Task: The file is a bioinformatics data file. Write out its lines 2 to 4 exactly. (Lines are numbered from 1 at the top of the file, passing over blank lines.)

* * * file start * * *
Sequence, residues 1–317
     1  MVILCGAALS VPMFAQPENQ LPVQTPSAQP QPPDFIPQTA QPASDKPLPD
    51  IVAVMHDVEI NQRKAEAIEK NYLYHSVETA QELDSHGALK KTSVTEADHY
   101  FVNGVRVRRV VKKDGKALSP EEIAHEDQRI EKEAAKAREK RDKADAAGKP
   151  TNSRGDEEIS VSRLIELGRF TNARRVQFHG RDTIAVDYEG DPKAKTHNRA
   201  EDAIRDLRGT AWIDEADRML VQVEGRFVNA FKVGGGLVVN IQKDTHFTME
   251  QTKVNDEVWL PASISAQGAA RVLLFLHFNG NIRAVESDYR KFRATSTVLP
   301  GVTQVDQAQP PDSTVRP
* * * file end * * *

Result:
     1  MVILCGAALS VPMFAQPENQ LPVQTPSAQP QPPDFIPQTA QPASDKPLPD
    51  IVAVMHDVEI NQRKAEAIEK NYLYHSVETA QELDSHGALK KTSVTEADHY
   101  FVNGVRVRRV VKKDGKALSP EEIAHEDQRI EKEAAKAREK RDKADAAGKP